Rather shamefully, the SNP initially seemed to be about to throw its lot in with free ports but, after a backlash, adapted the idea somewhat. That idea has become known as ‘green ports’ (though whether there is any chance of this happening isn’t clear as the UK Government has the power here and has indicated it doesn’t want to play ball).
Green ports are basically free ports with more conditions attached – the tax breaks apply but there must be a living wage for workers, a loose commitment to good business practices and decent environmental performance.
These are definitely improvements, but in the end this is still a proposal to invite businesses to move to low-tax zones on the Scottish mainland. In fact the extent to which this is true can be gathered when you know that Scottish ‘green ports’ must be created by getting the UK free port status first but then signing a separate bit of paperwork from the Scottish Government.
Will they be policed properly? What sanctions for businesses that don’t live up to the ‘Scottish Business Pledge’? Does ‘green’ in this context only mean ‘no worse than elsewhere in Scotland’? Should you even be trying to ‘sand the edges’ off a proposal which is pretty far-end even for right wing Brexit fanatics?
But fundamentally, does the Scottish Government believe that tax competition is good for Scotland? If a port area can benefit from opting out of the taxes everyone else has to pay, why not an inland town or some disused industrial estate? In fact, why not let rip, town by town, undermining each other on tax in a desperate attempt to grab any jobs you can?
Starting this debate from this angle fails us on the ports issue which is a serious one. Scotland must be the world’s most land-locked island. The way we have allowed our maritime history to decline along with our coastal communities is in its way quite remarkable.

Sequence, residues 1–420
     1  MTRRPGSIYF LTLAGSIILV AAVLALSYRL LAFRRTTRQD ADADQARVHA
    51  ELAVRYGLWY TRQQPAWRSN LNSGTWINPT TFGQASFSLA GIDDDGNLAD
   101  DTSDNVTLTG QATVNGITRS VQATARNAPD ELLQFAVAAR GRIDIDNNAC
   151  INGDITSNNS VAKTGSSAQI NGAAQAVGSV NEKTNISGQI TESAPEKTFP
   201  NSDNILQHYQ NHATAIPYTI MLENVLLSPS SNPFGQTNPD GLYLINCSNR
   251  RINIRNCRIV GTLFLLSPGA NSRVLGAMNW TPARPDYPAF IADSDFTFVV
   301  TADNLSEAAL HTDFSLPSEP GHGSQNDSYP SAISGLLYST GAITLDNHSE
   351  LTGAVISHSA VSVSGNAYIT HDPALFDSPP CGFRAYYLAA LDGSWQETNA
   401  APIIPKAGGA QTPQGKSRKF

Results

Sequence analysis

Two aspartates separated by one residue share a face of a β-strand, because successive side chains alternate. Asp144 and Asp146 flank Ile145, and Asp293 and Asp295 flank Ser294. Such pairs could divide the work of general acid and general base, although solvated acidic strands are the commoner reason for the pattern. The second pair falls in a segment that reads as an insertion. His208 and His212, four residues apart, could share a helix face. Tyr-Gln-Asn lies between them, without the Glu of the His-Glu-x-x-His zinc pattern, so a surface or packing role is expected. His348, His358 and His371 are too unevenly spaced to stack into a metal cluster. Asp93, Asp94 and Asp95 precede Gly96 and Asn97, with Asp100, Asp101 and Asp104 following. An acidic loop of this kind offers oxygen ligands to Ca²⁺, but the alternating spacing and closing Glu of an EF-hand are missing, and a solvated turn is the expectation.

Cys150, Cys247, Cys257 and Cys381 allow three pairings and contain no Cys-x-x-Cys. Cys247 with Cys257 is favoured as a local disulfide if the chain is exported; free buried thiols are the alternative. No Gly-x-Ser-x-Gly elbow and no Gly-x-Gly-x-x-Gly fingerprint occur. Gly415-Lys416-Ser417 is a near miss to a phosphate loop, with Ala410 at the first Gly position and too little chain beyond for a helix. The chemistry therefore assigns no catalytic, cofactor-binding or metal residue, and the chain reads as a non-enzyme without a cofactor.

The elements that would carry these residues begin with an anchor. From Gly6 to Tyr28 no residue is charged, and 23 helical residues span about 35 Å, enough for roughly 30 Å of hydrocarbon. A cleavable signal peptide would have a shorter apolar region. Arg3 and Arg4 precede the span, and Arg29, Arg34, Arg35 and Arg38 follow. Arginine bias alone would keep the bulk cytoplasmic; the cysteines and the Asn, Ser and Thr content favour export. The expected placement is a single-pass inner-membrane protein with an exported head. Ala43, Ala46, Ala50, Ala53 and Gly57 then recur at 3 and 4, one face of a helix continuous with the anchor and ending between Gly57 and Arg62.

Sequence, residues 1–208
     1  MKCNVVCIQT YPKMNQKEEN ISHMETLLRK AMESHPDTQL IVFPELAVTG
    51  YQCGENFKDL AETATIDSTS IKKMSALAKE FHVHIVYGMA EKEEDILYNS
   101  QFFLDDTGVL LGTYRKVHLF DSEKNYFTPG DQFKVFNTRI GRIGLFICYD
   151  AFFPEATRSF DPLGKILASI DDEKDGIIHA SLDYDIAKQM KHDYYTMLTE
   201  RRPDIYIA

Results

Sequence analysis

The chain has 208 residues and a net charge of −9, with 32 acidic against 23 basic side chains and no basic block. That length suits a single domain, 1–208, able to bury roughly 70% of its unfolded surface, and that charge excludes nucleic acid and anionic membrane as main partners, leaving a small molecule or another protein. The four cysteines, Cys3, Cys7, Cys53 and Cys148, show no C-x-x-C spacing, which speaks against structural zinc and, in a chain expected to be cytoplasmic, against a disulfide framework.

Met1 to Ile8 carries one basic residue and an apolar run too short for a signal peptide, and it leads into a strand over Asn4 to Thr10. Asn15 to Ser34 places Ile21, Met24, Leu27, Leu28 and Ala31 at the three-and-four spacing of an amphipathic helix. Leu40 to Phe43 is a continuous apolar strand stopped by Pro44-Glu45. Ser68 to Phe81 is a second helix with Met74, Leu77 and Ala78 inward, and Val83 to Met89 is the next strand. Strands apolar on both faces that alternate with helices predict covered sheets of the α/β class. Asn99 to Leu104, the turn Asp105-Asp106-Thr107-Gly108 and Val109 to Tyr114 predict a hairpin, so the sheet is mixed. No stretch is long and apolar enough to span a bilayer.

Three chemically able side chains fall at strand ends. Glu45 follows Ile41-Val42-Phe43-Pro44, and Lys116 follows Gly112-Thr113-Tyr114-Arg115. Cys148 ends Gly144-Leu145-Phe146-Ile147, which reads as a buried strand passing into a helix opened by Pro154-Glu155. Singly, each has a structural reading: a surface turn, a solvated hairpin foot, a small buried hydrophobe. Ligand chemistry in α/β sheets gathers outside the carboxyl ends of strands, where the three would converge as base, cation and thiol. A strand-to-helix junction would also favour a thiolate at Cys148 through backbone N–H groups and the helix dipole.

Both the CalMac and Ferguson Marine debacles are just more example of lack of any driving vision for Scotland’s maritime, island and coastal future, to which we can add the private fishing and fish processing monopolies, the seabed dredging horrors, the lack of interest in the harm being done by enclosed intensive salmon farming and much more.
And even more, it neglects the really big issue – is the Scottish Government serious about becoming an independent nation and if so why has there been no serious work on what export capacity an independent Scotland would actually need?
As things stand, Scotland would be a country with very limited ability to trade with the world other than via another country. Almost everything made in Scotland would be driven to England if it was to be transported anywhere else in the world.
Changing that needs a major plan for creating at least one major export port in Scotland (and probably more than one). It seems unlikely that the UK free port initiative (even with ‘added niceness’) has any hope of achieving that given that existing English exporting ports are eligible too.
There is a very real risk that ‘green ports’ will end up not being that green, not being all that ‘port’ focussed but still manage to undermine other parts of the Scottish economy – yet will still leave us without anything like the exporting infrastructure an independent Scotland would need.
The line of least resistance may dictate that following behind Boris Johnstone but ten paces back and with an umbrella constitutes ‘realpolitik’. It is also the case that this is being done with good intentions. It is harder to be convincing that this is really in Scotland’s interests.